N.Y. budget includes dollars for lower-cost power for agriculture



Contributing Writer

SALEM, Ohio — New York’s state budget will bring some power into the hands of farmers.

The state’s budget contains funding for the Recharge NY Power Program, which will make low-cost power available for farmers who are on residential and commercial meters.

Members of the New York Farm Bureau had sought support for the Recharge program as a way to help keep costs down for the state’s farmers.

As well, under the new state budget, lawmakers restored funding to the Aid to Localities program, that provided money for organizations like Cornell University’s Pro-Dairy and the New York Wine and Grape Foundation.

“Obviously, given the current economic environment, these restoration should be considered a major success story for Farm Bureau members,” Dean Norton, president of the state Farm Bureau said in a prepared statement.

Economic benefit

And with funding secured in the budget, the Recharge program could soon have an impact on New York farms.

Historically, farmers have had a difficult time getting access to the low-cost power programs that New York had offered because they were tied to job creation, said Jeff Williams, manager of government relations for the New York Farm Bureau.

However, Gov. Andrew Cuomo had wanted to revamp the program and change its criteria, Williams said.

“The manufacturing base in New York State has left particularly because of the energy costs,” he said. “Those electricity costs are big numbers.”

Seven-year contract

The Recharge program allows small business and farmers the chance to qualify for low-cost power previously only available for business that were creating jobs, Williams said.

Eligible business, including farms, would be able to apply for a seven-year contract for reduced cost power, which will lower the cost of doing business in the state, Williams said.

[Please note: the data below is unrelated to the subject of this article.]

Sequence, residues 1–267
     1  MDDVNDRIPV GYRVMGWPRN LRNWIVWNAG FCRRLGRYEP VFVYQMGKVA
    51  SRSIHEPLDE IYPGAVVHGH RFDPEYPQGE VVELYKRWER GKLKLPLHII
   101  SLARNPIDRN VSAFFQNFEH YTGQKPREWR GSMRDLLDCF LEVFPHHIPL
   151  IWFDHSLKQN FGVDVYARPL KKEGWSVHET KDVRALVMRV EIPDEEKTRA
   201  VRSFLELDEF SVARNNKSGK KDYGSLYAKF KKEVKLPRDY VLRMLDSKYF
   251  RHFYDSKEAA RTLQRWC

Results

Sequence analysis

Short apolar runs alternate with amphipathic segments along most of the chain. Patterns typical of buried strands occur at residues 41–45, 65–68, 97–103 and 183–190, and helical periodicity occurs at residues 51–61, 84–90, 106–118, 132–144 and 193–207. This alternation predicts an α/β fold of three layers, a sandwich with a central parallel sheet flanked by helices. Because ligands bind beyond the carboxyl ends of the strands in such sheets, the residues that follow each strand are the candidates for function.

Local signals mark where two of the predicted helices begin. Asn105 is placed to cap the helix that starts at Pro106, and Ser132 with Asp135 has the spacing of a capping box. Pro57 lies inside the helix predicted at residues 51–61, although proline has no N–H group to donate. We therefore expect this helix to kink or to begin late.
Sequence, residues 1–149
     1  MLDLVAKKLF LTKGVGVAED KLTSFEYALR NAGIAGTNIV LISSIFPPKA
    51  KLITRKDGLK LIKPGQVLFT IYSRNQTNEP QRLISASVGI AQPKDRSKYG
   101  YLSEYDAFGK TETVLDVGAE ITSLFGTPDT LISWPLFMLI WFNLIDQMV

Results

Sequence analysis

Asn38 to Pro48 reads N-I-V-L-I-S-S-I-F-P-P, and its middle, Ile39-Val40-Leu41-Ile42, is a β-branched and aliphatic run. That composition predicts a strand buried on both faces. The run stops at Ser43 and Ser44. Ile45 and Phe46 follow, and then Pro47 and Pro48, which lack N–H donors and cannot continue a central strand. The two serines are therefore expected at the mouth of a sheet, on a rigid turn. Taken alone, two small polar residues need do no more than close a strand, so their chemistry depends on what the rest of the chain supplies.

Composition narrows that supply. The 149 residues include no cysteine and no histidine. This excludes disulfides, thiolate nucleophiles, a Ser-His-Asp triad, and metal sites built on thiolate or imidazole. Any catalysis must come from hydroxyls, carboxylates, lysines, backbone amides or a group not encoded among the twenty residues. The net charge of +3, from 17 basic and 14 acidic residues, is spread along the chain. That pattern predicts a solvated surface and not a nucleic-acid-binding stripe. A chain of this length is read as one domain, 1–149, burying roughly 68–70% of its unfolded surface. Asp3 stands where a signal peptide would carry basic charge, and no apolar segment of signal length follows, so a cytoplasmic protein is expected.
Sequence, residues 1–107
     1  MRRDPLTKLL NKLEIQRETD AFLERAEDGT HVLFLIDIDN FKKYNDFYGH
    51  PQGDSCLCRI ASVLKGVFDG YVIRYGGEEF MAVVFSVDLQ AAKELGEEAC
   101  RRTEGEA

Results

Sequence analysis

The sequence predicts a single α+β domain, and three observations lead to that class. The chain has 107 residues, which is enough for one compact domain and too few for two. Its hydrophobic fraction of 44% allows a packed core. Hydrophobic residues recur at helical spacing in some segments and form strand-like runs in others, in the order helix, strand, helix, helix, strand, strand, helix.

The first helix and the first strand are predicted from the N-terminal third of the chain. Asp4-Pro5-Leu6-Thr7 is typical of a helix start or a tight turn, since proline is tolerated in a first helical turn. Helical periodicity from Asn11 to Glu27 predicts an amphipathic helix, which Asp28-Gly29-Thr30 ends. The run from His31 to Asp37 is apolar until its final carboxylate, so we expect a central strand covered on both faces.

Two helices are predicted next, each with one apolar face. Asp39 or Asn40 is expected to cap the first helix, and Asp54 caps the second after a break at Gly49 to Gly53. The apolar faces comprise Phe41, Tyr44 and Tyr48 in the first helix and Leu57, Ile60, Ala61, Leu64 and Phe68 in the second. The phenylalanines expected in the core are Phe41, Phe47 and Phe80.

“Power is defiantly a considerable cost in New York State,” Williams said.

Audits could help

The state Farm Bureau is also working with the state on a program to perform energy audits on farms. Williams said audits have uncovered ways for farmers to save anywhere from 10 to 35 percent.

The legislation also creates an $8 million pool of money for farmers that are currently on residential meters, Williams said.

Farms will have to go through any application process to qualify for the residential program, he said. The program will make available 900 megawatts of power from hydroelectric sources, and will provide residential customers with a yearly discount totaling $100 million through 2013.

Other budget news

Along with the Recharge program, the state budget was also good news for specialty agriculture programs that are financed by the state.

The Cornell Pro-Dairy program faced the elimination of its $800,000 in state funding, which pays for eight employees who work with dairy farmers across the state, said Tom Overton, director of the program. The funding was restored to the budget.

In years past, the state has trimmed its allocation to Pro-Dairy but the program had never faced wholesale elimination, Overton said.

“We did not have a backstop for that state funding,” he said. “It would be a blow for what we have to offer.”

Pro Dairy provides research and education for the state’s dairy producers.

When it appeared that Pro-Dairy was going to lose its state funding, the organization began reaching out to the dairy industry to try and find other sources of funding to keep the program going, Overton said. Those are discussions will continue in the hopes that Pro-Dairy can diversify its funding, he said.

“We are working on longer term funding so that we don’t put all our funding in one basket,” he said.


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